Best Super Bowl Ads Without Sound

Bruce Clark
3 min readFeb 6, 2017

Can you get the message without hearing the ad?

Source: Katie Tegtmeyer,

Every year marketing experts get asked which ads were the best or worst in the Super Bowl. I’m going to take a different tack because I had an unusual (for me) Super Bowl experience last night. I was at a party which actually was a normal party with adult conversation, meaning the sound for the game was turned way down. That meant ads had to work on a visual level: can I get your key message even if I can’t hear what you’re saying?

The idea that visuals matter most on TV is not a new one. The story goes that President Ronald Reagan’s White House paid much more attention to how the President looked on TV than what was said about him, and multiple commentators have suggested watching political debates without sound is the best way to see them. In out-of-home viewing and digital/mobile advertising, sound quality is often an issue. Here’s my take on which Super Bowl ads worked best when you couldn’t hear the sound.

The Best

1. Skittles. This clever send up of the romantic cliché of a boy throwing pebbles at a girl’s window worked beautifully. You needed no sound track to recognize these were Skittles and get the joke.

2. AirBnB. Politically controversial or not, the visuals of this last-minute addition to the Super Bowl line up were arresting and the message easy to follow. Bonus points for a clever hashtag, #weaccept.

3. Nintendo Switch. A teenage boy moves seamlessly from playing a game on his phone to playing on a console. Simple, clear illustration of the key benefit of the device.

4. Tide. Watching Terry Bradshaw go crazy over a stain followed by a surreal meeting with Jeffrey Tambor was a treat and definitely got the cleaning message across.

5. Michelob Ultra. I find the notion of serious athletes pounding down light beers amusing, but there’s no question this conveyed the position of Ultra as the light beer for athletes. Bonus: without the sound, you don’t hear the weirdly discordant musical theme from Cheers.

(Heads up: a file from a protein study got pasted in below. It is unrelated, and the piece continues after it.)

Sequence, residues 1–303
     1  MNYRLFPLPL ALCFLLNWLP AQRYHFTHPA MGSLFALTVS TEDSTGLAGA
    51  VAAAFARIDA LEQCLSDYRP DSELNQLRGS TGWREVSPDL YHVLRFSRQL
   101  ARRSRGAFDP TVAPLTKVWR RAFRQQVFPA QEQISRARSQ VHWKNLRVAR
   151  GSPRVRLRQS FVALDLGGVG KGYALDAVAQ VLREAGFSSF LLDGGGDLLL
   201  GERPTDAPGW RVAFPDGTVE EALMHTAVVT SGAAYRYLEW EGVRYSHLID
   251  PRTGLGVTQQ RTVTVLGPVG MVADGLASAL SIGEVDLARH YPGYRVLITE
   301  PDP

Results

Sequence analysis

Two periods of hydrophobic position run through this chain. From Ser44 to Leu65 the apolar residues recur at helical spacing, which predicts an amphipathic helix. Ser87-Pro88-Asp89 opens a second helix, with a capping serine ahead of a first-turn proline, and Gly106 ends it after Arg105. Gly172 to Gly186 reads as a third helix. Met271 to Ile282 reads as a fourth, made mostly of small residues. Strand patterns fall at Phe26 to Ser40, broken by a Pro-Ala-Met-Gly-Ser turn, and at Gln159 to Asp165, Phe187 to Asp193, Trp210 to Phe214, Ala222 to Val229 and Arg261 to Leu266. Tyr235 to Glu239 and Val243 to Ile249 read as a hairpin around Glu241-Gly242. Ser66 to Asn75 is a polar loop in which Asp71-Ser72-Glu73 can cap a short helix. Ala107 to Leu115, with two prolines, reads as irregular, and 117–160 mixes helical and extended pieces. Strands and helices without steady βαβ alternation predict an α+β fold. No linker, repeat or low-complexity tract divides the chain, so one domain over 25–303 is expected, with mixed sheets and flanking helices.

6. The Handmaid’s Tale. Another visually arresting ad that caught the attention of the room I was in, provoking discussion about, of all things, a book!

7. World of Tanks. Tanks crashing into sendups of TV shows. For building brand awareness, I thought this worked really well. Bonus: for a few ads afterwards, I was watching to see if tanks were going to appear.

8. Audi. Kind of retro — does anyone still build soap box racers? — but a compelling visual story and the tagline at the end conveys the message.

9. Baywatch. The visual salutes to the original show made this easy for everyone at my party to recognize. You didn’t need the sound to understand the message. Which you could argue was true of the original show as well . . .

10. Sprint. As long as you’ve seen the recent Sprint campaign featuring former Verizon commercial actor Paul Marcarelli, this works well. There’s Paul, switch to Sprint. (As an aside, I suspect this campaign is advertising Verizon as much as it does Sprint.)

Soundless Fails

The ads here failed largely for one of two reasons: (1) the dialogue was critical to the message, or (2) the visual was creepy.

1. Avocados from Mexico. This was arguably the single wittiest ad of the night, with brilliant riffs on just about every secret society and conspiracy theory ever made. If you can’t hear that, you have no idea what’s going on here.

2. Go Daddy. Avocadoes with less wit. A lot of good gags about the Internet, but hard to follow without sound.

3. Turbo Tax. Dominant reaction in the room I was in: “ew, that’s gross” as egg yolk leaked out of the Humpty Dumpty figure.

4. Mr. Clean. Weirdly stereotypical frustrated housewife and Mr. Clean apparently aspiring to be a pole dancer was another creepy image.

5. Budweiser. It kills me to call this a fail: I love this ad with the sound. A compelling immigrant tale that may actually be the ad we need now. The problem is without the dialogue you miss a lot of the tension in the tale (“you don’t look like you’re from around here,” “go back home”) and the visuals themselves are often murky.

Love or hate a soundless ad? Reply below!



Bruce Clark

A practical business professor musing on marketing and management from his not quite ivory tower. Writings do not represent the views of Northeastern University